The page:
Charity workers from East Sussex are to travel to India to rescue up to 50 bears which are made to perform and "dance" for tourists.
A rope is used to inflict pain and force the animal to 'dance'
International Animal Rescue (IAR) has been given the go-ahead by the Indian government to rescue bears known to perform near the Taj Mahal in Agra.
The team, which leaves on 4 November, will take them to a sanctuary in Agra run by Indian charity Wildlife SOS.
IAR, based in Uckfield, estimates there are about 1,200 dancing bears in India.
The practice involves separating sloth bears from their mothers as cubs, removing teeth and claws, and inserting a rope through a hole burnt into its nose.
IAR spokesman Alan Knight said: "A dancing bear in India has never been treated with anything other than brute force.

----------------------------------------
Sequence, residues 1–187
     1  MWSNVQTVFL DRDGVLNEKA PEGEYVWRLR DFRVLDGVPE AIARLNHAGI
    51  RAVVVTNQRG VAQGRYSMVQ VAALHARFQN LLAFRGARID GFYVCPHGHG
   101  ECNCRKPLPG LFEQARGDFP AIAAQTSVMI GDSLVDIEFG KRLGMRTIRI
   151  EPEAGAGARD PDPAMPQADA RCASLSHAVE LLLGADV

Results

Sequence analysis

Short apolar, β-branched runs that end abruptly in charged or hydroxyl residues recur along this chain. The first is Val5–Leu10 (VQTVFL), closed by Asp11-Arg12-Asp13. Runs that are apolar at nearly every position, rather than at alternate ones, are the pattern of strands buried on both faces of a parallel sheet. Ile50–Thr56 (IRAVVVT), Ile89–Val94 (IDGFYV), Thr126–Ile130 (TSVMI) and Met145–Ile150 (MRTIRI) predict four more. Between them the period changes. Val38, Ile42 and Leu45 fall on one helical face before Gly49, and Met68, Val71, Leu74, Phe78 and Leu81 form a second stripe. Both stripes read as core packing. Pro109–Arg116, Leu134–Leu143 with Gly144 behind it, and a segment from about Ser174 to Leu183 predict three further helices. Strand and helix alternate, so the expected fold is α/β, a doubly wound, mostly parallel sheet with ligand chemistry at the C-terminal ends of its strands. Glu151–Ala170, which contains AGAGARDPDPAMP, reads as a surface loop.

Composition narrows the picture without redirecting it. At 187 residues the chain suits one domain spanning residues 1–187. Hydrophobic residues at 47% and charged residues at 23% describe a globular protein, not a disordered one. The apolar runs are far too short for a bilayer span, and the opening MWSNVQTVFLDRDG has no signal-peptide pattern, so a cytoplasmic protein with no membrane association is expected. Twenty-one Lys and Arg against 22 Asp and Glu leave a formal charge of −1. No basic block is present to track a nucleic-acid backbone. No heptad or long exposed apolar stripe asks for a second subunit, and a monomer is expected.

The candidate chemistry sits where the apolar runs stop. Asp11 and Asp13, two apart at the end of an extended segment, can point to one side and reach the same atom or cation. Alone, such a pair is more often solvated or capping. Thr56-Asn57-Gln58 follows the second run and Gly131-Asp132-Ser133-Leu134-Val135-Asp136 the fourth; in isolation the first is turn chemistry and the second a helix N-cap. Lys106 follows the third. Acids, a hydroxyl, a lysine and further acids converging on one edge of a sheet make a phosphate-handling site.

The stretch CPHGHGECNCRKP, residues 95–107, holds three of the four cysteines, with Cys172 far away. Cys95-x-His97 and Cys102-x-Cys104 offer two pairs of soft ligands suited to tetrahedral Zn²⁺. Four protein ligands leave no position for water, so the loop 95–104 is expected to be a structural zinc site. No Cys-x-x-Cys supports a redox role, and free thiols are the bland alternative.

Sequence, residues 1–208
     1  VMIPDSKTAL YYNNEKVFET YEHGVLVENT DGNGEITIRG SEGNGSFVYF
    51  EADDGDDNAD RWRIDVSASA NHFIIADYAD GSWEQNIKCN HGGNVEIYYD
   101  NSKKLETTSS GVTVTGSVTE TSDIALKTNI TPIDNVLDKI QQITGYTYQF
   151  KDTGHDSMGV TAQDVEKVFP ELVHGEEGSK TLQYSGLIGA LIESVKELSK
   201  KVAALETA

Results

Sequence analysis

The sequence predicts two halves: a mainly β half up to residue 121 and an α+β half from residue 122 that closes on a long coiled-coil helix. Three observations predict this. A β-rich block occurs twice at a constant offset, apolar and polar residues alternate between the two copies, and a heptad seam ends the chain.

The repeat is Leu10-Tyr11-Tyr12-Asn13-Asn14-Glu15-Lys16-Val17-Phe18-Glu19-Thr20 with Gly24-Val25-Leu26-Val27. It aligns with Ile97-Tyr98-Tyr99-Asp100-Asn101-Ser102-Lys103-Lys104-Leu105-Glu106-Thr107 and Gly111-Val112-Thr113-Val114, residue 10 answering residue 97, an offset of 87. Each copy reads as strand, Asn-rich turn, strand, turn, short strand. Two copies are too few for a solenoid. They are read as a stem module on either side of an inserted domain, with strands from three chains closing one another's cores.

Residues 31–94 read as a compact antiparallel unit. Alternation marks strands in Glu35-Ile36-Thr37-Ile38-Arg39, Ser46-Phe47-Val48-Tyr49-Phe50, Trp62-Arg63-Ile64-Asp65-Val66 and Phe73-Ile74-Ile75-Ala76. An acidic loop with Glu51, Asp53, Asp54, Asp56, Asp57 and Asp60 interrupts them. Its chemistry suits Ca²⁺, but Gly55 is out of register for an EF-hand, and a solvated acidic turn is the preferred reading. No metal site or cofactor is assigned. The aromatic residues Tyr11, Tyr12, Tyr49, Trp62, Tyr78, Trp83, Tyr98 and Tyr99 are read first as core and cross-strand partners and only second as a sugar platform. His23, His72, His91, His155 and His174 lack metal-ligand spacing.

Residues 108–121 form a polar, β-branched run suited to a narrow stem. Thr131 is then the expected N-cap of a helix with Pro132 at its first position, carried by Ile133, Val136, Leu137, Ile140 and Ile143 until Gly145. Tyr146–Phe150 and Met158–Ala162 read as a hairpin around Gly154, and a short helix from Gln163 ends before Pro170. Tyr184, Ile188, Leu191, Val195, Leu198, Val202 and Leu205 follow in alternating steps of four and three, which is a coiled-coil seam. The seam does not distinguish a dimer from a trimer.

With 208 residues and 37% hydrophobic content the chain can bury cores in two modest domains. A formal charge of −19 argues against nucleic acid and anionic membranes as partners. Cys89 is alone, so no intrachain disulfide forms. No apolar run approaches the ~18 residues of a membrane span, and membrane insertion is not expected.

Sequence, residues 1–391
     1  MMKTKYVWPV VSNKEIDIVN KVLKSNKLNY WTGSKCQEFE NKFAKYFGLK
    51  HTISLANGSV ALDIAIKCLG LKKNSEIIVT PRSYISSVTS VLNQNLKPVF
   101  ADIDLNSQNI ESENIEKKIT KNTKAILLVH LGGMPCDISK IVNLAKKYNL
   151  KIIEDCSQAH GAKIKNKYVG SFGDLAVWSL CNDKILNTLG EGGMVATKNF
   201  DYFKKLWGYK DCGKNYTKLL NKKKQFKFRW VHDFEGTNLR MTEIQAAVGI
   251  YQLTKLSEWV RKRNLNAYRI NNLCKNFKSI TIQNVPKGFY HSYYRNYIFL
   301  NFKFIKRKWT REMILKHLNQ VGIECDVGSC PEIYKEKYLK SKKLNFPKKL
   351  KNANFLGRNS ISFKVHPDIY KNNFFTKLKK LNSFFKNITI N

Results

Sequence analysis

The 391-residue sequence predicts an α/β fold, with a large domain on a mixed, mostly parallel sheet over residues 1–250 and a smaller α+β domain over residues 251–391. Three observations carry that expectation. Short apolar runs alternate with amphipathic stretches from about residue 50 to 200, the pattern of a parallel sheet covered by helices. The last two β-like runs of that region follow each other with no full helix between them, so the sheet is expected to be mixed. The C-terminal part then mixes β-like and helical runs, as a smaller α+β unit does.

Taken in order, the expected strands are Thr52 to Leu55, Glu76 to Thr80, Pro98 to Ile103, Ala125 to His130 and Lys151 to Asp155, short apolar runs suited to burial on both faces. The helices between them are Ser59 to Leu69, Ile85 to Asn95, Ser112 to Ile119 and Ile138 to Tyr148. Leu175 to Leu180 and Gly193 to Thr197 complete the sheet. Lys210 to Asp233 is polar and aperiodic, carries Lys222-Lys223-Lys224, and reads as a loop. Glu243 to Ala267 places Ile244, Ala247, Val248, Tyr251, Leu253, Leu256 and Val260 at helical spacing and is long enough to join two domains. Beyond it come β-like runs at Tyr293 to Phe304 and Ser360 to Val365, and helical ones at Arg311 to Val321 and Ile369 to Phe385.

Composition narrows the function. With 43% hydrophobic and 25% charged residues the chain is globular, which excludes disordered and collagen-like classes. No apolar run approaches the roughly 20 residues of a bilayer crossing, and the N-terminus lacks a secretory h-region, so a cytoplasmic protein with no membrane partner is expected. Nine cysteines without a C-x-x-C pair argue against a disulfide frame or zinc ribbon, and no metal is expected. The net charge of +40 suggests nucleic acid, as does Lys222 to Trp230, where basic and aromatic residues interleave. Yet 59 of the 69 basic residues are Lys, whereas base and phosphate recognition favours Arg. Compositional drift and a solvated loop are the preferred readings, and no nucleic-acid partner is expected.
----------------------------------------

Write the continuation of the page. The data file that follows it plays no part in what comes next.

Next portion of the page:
"A rough rope rubs incessantly against an open wound.
"He is brought up on his hind legs by one yank on the rope, so when he appears to be dancing, he is really writhing in agony."
IAR, which says dancing bears were banned by the Indian parliament in 1972, has already rescued more than 60 bears .
It also helps to fund the Agra sanctuary in Uttar Pradesh and supports a government retraining scheme to set up the bears' owners in alternative employment.